17-Apr-2024
HomeENGLISHJAMMU & KASHMIRThe Classical Art of Tilla Embroidery: Tracing The Roots Of A Cultural...

The Classical Art of Tilla Embroidery: Tracing The Roots Of A Cultural Heritage

The complex and time-consuming process of Tilla embroidery: From tracing design to creating intricate ornate pattern.

Tilla embroidery, also known as zari or zardozi, is a type of traditional embroidery that originated in the Indian subcontinent. It is characterized by using metallic threads of gold, silver, or other metals embroidered onto fabrics to create intricate and ornate designs. This art has a long history in the region, with references to it dating back to the Mughal era in the 16th century.


Kashmiri Tilla Embroidery

Creating tilla embroidery is complex and time-consuming, involving specialized tools and techniques. First, a design is traced onto the fabric using a pencil or chalk. Then, the embroiderer uses a needle to carefully attach the metallic threads to the material, creating the desired pattern. It is typically done by hand; it can take weeks or even months to complete a single piece.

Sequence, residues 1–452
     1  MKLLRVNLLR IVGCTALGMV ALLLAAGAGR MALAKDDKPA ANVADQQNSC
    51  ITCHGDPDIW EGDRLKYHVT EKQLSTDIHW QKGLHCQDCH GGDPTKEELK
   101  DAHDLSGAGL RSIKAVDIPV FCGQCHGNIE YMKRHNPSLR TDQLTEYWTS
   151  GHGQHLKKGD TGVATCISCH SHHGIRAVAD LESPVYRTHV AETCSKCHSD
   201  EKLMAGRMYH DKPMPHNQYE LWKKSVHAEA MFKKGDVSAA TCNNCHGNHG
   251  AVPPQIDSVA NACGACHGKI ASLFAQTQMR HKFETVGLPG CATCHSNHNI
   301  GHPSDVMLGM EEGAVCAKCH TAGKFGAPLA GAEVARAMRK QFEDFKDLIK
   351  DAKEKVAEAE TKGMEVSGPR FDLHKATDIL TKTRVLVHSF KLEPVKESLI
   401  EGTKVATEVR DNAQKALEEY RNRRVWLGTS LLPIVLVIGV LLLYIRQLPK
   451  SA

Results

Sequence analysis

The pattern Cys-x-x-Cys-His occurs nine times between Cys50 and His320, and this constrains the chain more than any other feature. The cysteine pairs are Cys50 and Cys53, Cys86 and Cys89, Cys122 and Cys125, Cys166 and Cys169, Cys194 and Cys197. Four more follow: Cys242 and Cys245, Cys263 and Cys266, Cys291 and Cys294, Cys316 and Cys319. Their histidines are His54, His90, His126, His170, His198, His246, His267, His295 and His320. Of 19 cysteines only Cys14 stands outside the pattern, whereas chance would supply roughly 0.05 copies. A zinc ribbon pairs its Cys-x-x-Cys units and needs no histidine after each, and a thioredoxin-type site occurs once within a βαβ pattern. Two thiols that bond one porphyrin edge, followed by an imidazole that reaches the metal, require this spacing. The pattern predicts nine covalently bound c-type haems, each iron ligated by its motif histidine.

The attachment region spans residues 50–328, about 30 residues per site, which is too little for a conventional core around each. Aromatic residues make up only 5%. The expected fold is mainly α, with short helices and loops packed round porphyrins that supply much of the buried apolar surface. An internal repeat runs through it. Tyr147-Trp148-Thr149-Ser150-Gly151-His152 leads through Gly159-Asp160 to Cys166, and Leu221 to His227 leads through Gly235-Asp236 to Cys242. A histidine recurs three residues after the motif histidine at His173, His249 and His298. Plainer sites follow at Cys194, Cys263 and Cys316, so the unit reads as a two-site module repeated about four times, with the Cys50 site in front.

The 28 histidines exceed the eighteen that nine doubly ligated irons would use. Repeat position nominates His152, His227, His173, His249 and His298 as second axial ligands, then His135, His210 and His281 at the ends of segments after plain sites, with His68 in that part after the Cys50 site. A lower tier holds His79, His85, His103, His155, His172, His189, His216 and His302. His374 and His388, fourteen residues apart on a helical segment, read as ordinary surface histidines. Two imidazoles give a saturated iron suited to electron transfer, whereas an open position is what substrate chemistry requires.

Challenges Faced by Tilla Embroidery: Increasing Costs and competition from Machine-based Techniques

Despite its long history and cultural significance, tilla embroidery has faced challenges recently. The increasing cost of materials, particularly gold and silver, has made them more expensive. Additionally, the labour-intensive nature of the craft means that it is often more cost-effective to produce embroidered items using machine-based techniques, which can be faster and more efficient. As a result, the number of artisans practising. Tilla embroidery has declined, making it more difficult for traditional embroiderers to compete in the modern market.

Despite these challenges, embroidery remains integral to Indian culture and is valued for its beauty and craftsmanship. It is often used to celebrate special occasions and is an essential part of traditional Indian clothing and accessories. As a result, it continues to be a necessary part of the country’s cultural and artistic heritage, and it is likely to remain so for years to come.

Also read: This Art of Pashmina Shawl Making Is Pure Bliss, Exclusive Talk With Bashir Ahmed Khan

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